But alcohol harm doesn’t just affect us as individuals. It ripples out to our families, friends, our communities and wider society. It has a huge impact on health workers, our emergency services, the criminal justice system, and workplaces; leading to more time, effort, and money having to be spent on dealing with alcohol-related problems.

The good news is that all alcohol harm is preventable.

One part of the solution is to create a culture in which those of us who drink alcohol, do so by free choice, not by habit or through pressure from others.

We’d also like to see an environment where it’s easier for us to say ‘no’ to alcohol so that none of us are ever made to feel awkward or excluded by choosing not to drink alcohol in any setting, at any time, or for any occasion – whether that’s at work, at a sporting event, at the pub, at a get together, or while on holiday.

It’s time for alcohol to stop playing such a centre-stage role in our lives and in our society. We don’t need to be surrounded by alcohol marketing everywhere we go. Promoted as we watch our favourite sports, advertised as we travel to work, prominently displayed in our supermarkets, and strategically placed in our favourite films and TV shows. We don’t believe that alcohol is essential to our night out or to having fun or for it to always be there when we celebrate, commiserate, or when we’re just trying to cope.

Policy changes

With Alcohol Awareness Week this year coinciding with a General Election, it’s more relevant than ever that we recognise the serious harm alcohol causes across society and ensure the next government works with us to end it.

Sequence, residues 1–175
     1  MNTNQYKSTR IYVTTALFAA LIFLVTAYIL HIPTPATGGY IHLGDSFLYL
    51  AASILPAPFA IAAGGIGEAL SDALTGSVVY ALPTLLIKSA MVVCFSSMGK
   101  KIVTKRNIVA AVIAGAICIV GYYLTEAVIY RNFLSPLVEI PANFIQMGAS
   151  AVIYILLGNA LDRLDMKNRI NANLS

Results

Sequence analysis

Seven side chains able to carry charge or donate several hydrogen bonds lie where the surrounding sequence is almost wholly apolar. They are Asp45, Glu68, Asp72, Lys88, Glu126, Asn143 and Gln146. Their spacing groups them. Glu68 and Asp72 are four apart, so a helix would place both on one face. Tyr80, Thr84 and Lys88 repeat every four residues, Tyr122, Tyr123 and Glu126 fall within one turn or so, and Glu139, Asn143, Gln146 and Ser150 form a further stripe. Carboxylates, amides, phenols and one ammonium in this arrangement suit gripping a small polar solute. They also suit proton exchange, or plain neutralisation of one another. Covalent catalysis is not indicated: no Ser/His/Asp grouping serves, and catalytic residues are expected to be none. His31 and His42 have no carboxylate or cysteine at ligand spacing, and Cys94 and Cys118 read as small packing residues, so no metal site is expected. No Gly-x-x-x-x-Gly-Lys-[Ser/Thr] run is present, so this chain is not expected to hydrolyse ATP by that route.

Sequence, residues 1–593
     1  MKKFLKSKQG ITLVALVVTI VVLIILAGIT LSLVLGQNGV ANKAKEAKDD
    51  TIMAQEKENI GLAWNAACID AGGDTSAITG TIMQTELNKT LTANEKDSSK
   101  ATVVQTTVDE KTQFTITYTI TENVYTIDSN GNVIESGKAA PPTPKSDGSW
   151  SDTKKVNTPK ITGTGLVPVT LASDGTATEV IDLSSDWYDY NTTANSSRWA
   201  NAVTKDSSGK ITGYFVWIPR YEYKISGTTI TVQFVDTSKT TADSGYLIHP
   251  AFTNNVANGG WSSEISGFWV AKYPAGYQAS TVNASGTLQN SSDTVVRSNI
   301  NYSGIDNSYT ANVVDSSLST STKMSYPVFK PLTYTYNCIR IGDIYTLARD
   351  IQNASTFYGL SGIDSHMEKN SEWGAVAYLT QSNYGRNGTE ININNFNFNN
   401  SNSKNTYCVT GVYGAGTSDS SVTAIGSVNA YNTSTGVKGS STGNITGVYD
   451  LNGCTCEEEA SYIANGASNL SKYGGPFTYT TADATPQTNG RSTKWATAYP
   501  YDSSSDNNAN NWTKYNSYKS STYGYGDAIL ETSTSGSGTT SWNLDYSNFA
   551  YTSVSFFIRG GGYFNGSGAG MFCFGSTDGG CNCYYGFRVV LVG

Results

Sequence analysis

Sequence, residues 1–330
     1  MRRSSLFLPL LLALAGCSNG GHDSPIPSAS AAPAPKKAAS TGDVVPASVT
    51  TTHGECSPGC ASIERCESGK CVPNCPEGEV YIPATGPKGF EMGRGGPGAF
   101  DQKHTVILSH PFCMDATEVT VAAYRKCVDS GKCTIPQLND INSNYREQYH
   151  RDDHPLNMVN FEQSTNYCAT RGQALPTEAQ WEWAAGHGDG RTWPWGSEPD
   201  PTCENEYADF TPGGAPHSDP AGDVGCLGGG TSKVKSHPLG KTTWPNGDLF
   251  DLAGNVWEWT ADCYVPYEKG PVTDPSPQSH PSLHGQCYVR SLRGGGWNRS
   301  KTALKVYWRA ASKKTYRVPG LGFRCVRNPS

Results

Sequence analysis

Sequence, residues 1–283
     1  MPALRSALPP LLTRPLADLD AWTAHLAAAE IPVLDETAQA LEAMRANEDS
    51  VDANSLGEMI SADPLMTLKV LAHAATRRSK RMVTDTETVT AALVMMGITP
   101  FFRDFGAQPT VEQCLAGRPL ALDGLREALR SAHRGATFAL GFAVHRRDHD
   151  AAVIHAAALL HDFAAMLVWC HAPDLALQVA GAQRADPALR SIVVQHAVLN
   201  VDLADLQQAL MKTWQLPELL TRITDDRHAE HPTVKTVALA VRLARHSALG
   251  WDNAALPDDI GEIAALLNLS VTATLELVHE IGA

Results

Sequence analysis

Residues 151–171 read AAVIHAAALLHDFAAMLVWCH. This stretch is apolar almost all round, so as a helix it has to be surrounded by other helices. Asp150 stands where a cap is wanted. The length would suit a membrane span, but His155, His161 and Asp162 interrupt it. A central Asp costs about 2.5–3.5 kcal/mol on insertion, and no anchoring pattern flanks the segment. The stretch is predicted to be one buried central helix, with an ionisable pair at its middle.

There are many effective solutions that have been proven to work that the next government should put in place right away. These would improve the nations’ health and productivity and some of them would raise money and save money, without costing a penny.

These include:

Creating an environment which prevents alcohol harm

Powered by a cross-government alcohol strategy, evidence-based policies will make alcohol less desirable, with tougher laws on alcohol marketing, and improved labelling. Action will be taken on cheap, strong alcohol to protect our health, and evidence gathered to support people choosing no and low alcohol options.

Ending stigma and recognise the complexity of alcohol harm

By acknowledging the complexity of alcohol harm, policies will be better able to tackle it. Lifting the exclusion of alcohol dependency from the Equality Act will be a key achievement in ending stigma and making a fairer society for us all.

Ensuring that anyone who needs it can access high-quality support and treatment

Long-term alcohol specific health funding will enable treatment services to be accessible and inclusive in our communities. Family members and friends will be better supported by well-resourced services.

By preventing alcohol harm from occurring in the first place, policies like this will protect and transform our shared public services and help us enjoy life more without having alcohol spoiling the show.

If you are worried about your drinking or even just curious, take our drinking quiz to see if it's likely to be affecting your health.

Check your drinking